Additional Growing Advice

  1. Plants Always Seem to be Dry

    Make sure that you are using mulch. A 3" layer of mulch helps the plants conserve moisture by shading the ground and keeping it cool. Mulch keeps the soil from drying out quickly on warm, dry summer days, and it also keeps weeds from growing around your plants, which stealing precious moisture and nutrients. Some types of mulches include shredded leaves, straw, hay, and wood chips.

    Water deeply and infrequently versus frequently and shallow. This encourages roots to go deeper, searching for moisture rather than staying on the surface where they will get heated and dried.

  2. Peppers or Tomatoes are Cracking

    This is a condition also caused by inconsistent watering. Often this will occur after a heavy rain following a dry spell. While there is not much that can be done once they have cracked, a good prevention is to keep your plants consistently moist by using a good mulch, and watering deeply. To help dry out soil that has gotten saturated, take a pencil and poke down a few inches around the plant, a few inches out from the stem so as to not injure roots, in rings around the soil area. This will allow air to penetrate into the soil and return the media to its proper air/water ratio.

    Another condition which causes cracking of chiles is a condition known as "corking". Most frequently found on Jalapeño type chiles, this is quite common, and has no adverse effects on flavor. Actually in Mexico, chiles highly streaked with corking are highly desirable.

  3. Plants Have Barely Grown Since they were Planted

    The plants were probably put out too early, and they have been stunted. Peppers, tomatoes, and Eggplants like to have warm feet, and will do very poorly if planted too early. Wait to plant until night temperatures are consistently above 50 to 55 degrees. It is better to plant three weeks late than one week early! If you have plants that were stunted by the cold, it will take the summer's heat to pull them out of it.

    Also make sure when transplanting to pull off all buds, flowers and fruit that are on the small plant, and continue to do so until your plants have at least doubled or tripled in size. Plants are either in vegetative mode, or fruiting mode -you want them to be in vegetative mode until they are good sized, before you allow them to be in fruiting mode. If you allow them to fruit when they are small, they will remain a small plant with just a few fruits. If you remove all buds, flowers and fruit for approx. 3 weeks after planting, you will get a good-sized plant loaded with fruit.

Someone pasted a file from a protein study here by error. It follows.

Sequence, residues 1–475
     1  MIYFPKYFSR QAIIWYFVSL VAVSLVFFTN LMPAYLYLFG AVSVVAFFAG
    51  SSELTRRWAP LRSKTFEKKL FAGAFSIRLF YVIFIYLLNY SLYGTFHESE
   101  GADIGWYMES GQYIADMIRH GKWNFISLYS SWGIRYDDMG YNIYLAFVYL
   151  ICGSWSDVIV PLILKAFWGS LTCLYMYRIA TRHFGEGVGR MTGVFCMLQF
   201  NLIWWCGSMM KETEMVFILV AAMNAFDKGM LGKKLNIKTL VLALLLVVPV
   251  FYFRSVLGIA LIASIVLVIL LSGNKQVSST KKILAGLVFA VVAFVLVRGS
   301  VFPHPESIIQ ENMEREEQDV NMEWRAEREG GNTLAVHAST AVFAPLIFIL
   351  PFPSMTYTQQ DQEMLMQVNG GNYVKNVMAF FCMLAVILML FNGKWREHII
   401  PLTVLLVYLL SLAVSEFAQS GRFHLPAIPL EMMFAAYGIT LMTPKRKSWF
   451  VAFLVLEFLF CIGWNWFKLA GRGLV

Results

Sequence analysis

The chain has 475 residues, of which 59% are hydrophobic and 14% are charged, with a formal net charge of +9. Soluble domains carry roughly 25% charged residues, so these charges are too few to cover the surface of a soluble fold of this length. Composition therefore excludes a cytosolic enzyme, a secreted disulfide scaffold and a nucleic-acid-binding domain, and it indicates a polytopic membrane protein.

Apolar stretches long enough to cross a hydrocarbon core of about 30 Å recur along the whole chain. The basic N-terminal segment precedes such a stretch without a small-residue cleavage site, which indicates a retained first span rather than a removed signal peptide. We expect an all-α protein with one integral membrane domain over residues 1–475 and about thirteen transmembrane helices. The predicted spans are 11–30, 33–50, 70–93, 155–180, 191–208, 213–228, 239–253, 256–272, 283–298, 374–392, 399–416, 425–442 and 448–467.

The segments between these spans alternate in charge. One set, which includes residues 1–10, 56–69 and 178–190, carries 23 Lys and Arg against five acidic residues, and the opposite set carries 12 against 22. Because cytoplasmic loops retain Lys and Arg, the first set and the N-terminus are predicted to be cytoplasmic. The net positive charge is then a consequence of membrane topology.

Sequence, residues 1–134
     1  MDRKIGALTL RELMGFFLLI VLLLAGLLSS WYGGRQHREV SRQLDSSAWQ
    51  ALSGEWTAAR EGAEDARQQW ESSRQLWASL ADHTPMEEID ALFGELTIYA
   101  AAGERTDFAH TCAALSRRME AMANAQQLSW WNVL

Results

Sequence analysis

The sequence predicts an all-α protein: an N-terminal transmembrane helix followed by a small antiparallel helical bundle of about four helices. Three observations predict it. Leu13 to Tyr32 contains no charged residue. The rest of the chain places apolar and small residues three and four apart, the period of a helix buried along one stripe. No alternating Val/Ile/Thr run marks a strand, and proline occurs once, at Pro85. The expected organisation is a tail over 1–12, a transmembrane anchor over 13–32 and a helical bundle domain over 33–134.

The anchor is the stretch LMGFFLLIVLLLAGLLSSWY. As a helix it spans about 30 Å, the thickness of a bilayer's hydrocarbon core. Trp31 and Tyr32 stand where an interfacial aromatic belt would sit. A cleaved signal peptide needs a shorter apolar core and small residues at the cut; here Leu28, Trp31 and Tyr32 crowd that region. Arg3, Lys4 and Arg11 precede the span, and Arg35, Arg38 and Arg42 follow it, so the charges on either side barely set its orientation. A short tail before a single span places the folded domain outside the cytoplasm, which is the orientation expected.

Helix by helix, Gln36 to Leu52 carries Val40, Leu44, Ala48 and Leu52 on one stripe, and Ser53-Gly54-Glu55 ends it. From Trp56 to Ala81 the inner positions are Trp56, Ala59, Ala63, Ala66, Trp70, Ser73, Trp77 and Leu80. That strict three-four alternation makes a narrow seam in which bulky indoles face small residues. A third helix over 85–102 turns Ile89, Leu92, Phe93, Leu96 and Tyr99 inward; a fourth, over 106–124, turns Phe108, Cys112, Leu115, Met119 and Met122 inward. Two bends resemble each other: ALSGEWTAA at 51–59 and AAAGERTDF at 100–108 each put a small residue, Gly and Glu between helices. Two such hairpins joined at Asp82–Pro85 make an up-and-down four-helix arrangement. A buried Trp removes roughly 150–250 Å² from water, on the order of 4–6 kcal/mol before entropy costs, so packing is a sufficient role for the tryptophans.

4. Chiltepins/Habaneros/Rocotos aren't Producing Fruit or Flowers

    Habaneros, Chiltepines and especially Rocotos are long season varieties, in that they take a long time to produce, usually more than 90 days after transplanting. Your buds are falling off (aborting) because conditions are not right, usually due to high day or night temps, inconsistent soil moisture, or high nitrogen levels. Generally however, they will remain on the plant and produce fruit once the temps cool down a bit.

    We find that Chiltepines do better their 2nd season. Try to overwinter them and you should have a good early harvest. The one Chiltepin we find that does well the first year is "Chiltepin Texas". Found growing further north where it would get killed by frost/freeze (versus many chiltepins which are found in warmer Mexico), it produces early on a compact plant.

    A good early season habanero type is "Limon", which produces heavily and early on a compact plant. Rocotos are found growing natively high in the mountains, and need cooler temps to be happy and produce well. Ours do not start producing heavily until November/December (in the greenhouse), so we recommend not growing Rocotos unless you have an extremely long (but cool) growing season, or you are able to bring them indoors for winter. We also find that Rocotos do much better if there are a few Rocoto plants, planted close together.

  5. Plants are Very Tall with Beautiful Green Foliage but no Flowers or Fruits

    This is most likely too much nitrogen. When the plants are small and young, you want to fertilize regularly so that they get off to a strong start, but once the plants have reached a good size, you want to cut back on the fertilizer applications. We tend to hear this complaint often from users of fertilizers that promise "miracles". Rarely do we hear this complaint from customers who use fish emulsion and seaweed, which we highly recommend. We like to fertilize once a week for the first 3 weeks, then once every two weeks thereafter. When the plants have reached full size you may stop applying fish emulsion, but continue with the seaweed. If the plants start yellowing give an application of fish emulsion to green them up.

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